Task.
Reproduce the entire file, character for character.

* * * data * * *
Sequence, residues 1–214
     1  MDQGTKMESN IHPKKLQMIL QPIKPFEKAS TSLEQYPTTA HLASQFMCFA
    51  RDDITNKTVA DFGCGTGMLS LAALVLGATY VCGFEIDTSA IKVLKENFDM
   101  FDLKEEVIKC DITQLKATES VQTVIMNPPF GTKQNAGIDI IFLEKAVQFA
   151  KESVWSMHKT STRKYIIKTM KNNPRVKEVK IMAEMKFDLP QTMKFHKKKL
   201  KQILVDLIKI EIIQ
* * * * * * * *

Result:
Sequence, residues 1–214
     1  MDQGTKMESN IHPKKLQMIL QPIKPFEKAS TSLEQYPTTA HLASQFMCFA
    51  RDDITNKTVA DFGCGTGMLS LAALVLGATY VCGFEIDTSA IKVLKENFDM
   101  FDLKEEVIKC DITQLKATES VQTVIMNPPF GTKQNAGIDI IFLEKAVQFA
   151  KESVWSMHKT STRKYIIKTM KNNPRVKEVK IMAEMKFDLP QTMKFHKKKL
   201  KQILVDLIKI EIIQ